43. FTY (First Time Yield)
First time yield is a quantitative KPI that points to areas in your production process that may be wasteful. Simply put, FTY will tell you how many product units are making their way down your production line to the fulfillment stage without errors or defects that needed to be fixed. To calculate your business FTY, you would take your total number of finished manufactured units and divide them by the number of units you started with.
44. Number of Non-Compliance Events
As the name suggests, this KPI measures the number of events where non-compliance occurs. Non-compliance events are usually related to safety, quality or working conditions as required by regulations and policies.
45. OEE (Overall Equipment Effectiveness)
Overall equipment effectiveness is a KPI for monitoring the performance of your manufacturing equipment.
46. OLE (Overall Labor Effectiveness)
If you’re looking to increase your staff efficiency in terms of production, then it’s the overall labor effectiveness KPI you will want to monitor. For OLEs, you will factor in things such as employee availability, performance and absenteeism, and scheduling effectiveness as well as any material delays, shift changeover or idle time, or machine downtime.
Another important eCommerce manufacturing KPI is yield. This KPI will give you insights into total products manufactured in a given time, and when used in conjunction with other KPIs like yield variance, will show you percentages of growth or decline as compared to previous periods.
Customer Service KPIs for eCommerce
Lastly, let’s look at your most popular eCommerce customer service KPIs. If your business goals include improvements to customer service efficiency, ratings and/or turn-around time, then these will give you invaluable insights.
48. Average Resolution Time
This KPI looks at the average time it takes you and/or your customer service support team to resolve a specific customer issue or ticket. This includes the whole time from when a customer first reaches out to when the issue is resolved.
49. CSAT (Customer Satisfaction) Score
Customer satisfaction scores are one of your most important customer service KPIs. CSATs are usually based on customer survey questions on a numbered scale, which you send out before renewal or after events (like purchases or customer service resolutions).
Newbie Tip: If you haven’t worked with KPIs before, try Hubspot’s free customer service metrics calculator, which includes these metrics.
50. Customer Service Count
This refers to the total number of customer service requests per channel. For example, if you’re using live chat in your customer service strategy, then the customer service counter KPIs will help point to the number of chats received and resolved. Meanwhile, customer service email counts are based on the total number of emails, and customer service call counts are based on the total number of calls your brand has received.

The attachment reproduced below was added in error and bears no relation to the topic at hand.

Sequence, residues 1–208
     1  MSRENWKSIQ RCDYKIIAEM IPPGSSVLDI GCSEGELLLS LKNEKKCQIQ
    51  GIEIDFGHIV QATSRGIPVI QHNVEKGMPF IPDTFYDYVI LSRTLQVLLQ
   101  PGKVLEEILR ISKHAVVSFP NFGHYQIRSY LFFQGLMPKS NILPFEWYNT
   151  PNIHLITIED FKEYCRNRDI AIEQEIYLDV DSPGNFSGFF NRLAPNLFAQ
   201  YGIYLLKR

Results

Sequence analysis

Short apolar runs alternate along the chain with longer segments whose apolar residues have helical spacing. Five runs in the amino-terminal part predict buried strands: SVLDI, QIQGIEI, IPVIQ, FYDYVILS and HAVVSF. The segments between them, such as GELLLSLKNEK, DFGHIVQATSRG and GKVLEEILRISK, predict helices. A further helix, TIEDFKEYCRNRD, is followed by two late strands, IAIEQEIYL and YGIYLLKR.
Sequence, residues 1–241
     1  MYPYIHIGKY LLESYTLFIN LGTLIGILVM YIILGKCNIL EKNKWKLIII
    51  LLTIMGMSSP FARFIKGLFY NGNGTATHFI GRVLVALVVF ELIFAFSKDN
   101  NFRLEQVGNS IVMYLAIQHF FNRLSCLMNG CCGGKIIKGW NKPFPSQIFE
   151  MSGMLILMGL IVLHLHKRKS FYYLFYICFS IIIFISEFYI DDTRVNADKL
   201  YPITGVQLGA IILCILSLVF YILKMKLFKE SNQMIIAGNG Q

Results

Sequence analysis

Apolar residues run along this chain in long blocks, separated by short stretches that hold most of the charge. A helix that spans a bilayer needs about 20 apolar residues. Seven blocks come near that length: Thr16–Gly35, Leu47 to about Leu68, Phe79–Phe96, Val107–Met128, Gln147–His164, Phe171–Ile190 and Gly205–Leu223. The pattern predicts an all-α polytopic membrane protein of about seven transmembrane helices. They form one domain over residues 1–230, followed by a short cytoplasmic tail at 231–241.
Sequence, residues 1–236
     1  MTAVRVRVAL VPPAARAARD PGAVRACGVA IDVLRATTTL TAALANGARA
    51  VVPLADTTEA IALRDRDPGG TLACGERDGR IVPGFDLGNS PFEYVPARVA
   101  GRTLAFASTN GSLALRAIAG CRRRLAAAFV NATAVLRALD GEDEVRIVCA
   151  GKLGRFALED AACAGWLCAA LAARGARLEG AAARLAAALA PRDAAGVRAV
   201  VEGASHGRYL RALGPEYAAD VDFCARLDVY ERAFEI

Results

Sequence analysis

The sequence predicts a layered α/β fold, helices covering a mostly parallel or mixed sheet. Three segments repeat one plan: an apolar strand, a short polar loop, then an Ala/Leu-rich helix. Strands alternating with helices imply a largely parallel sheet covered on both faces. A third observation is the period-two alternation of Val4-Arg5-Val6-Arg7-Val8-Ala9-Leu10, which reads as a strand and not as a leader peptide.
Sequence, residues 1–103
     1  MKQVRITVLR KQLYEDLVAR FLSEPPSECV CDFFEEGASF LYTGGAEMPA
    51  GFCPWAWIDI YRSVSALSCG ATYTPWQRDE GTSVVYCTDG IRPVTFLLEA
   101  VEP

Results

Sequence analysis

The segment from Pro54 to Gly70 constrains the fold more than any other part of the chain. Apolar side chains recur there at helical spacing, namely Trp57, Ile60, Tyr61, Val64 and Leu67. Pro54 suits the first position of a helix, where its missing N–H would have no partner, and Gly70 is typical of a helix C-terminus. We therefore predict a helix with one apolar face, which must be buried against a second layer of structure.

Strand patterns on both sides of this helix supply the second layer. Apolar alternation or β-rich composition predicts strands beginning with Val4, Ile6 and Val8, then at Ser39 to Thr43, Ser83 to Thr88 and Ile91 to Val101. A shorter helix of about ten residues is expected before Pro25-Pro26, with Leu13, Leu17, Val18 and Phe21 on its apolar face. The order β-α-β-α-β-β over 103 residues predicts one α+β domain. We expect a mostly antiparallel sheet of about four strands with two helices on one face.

51. First Response Time
This KPI will give you the average time it takes you to first respond to a customer who has emailed, messaged or called in a query. The goal here is, obviously, to keep the average time as low as possible. Zendesk suggests that you aim for half a day for email and online form responses, two hours for social media replies and only a few seconds for live chats.
52. Hit Rate
To get to your hit rate KPI, you need to take a product’s total unit sales numbers and divide them by the total number of shoppers who bought that specific product and contacted your help desk in relation to that sale.
53. NPS (Net Promoter Score)
Another popular eCommerce customer service KPI is your NPS. A net promoter score is a way of tracking your customer loyalty performance to gauge how likely they would be to recommend your brand. In other words, it’s the accumulation of answers from the question “How likely are you to recommend our brand” to give you an average. If you’re new to NPS KPI, this beginner’s guide from Orbelo is a good jumping off point.
54. Service Escalation Rate
The last of the most popular KPIs for eCommerce we will mention is service escalation rates. This KPI will tell you how many times a customer has requested to speak to a more senior person in your support team, such as a supervisor. Ideally, you want to keep this number low, as high numbers could mean your customer satisfaction is lacking or that your customer service team is not handling queries efficiently enough to prevent such escalations.
As you can see, the number of eCommerce KPIs is almost endless but vitally important to ensure your goals are being met. All these KPIs have their importance, but you want to start with your most important KPIs first, after which you can further your business growth and use other KPIs to optimize your store.
I suggest starting with (and always including) these critical metrics for eCommerce:
- Gross profit marketing
- Customer lifetime value
- Conversion rate
- Average order value
- Cart abandonment rate